Partitions have a limit of 10GB and the better we spread the data across partitions, the more we can use it. Though it will eventually need more connections to get data from all partitions. Example: Getting data from same partition in a query will be always faster then getting data from multiple partitions.

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  • About last paragaph, do you mean physical or logical partition?
    – krypru
    Commented Jan 7, 2019 at 12:02
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Partition Key is used for sharding, it acts as a logical partition for your data, and provides Cosmos DB with a natural boundary for distributing data across partitions.

You can read more about it here: https://learn.microsoft.com/en-us/azure/cosmos-db/partition-data

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Each partition on a table can store up to 10GB (and a single table can store as many document schema types as you like). You have to choose your partition key though such that all the documents that get stored against that key (so fall into that partition) are under that 10GB limit.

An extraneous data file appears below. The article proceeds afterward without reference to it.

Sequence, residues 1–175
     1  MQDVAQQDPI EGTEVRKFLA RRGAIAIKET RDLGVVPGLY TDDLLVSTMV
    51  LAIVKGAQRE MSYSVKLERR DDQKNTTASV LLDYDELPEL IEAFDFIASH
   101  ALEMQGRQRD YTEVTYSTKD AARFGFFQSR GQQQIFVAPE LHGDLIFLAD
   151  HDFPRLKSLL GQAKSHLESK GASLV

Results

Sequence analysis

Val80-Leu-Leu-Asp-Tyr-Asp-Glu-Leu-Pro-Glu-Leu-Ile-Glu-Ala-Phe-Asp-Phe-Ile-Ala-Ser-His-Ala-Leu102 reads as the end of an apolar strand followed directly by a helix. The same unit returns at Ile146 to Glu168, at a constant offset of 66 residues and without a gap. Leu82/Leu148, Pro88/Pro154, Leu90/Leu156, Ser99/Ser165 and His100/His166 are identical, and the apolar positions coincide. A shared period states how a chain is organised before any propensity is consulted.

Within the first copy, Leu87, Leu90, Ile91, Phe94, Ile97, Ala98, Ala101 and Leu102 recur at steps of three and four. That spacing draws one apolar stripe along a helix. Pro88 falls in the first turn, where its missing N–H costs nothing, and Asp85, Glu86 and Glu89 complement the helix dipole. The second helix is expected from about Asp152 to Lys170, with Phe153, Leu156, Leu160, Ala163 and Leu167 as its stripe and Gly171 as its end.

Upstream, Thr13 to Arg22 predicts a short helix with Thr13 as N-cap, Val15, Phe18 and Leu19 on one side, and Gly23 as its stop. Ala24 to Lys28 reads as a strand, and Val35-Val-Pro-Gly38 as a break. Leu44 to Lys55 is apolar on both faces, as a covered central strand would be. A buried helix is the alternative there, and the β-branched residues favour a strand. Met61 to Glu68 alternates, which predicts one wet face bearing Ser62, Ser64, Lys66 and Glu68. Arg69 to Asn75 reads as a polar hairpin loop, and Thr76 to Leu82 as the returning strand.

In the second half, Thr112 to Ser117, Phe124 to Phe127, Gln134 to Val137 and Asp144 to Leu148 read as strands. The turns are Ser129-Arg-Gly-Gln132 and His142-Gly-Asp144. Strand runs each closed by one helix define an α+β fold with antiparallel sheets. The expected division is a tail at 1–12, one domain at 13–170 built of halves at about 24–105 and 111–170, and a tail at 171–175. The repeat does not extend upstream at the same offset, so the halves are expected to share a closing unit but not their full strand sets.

I'm thinking about this too right now - so should the partition key be a date range of some type? In that case, it would really depend on how much data is getting stored in a period of time.

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You are defining a logical partition. Underneath, physically the data is split into physical partitions by Azure.

Ideally a partitionKey should be a primary Key, or a field with high cardinality to ensure proper distribution, with the self generated id field within that partition also set to the primary key, that will help with documentFetchById much faster.

You cannot change a partitionKey once container is created.

Looking at the dataset, captureId is a good candidate for partitionKey, with id set manually to this field, and not an auto generated cosmos one.

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There is documentation available from Microsoft about partition keys. According to me you need to check the queries or operations that you plan to perform with cosmos DB. Are they read-heavy or write-heavy? if read heavy it is ideal to choose a partition key in the where clause that will be used in the query, if it is a write heavy operation then look for a key which has high cardinality

Always point reads /writes are better since it consumes way less RU's than running other queries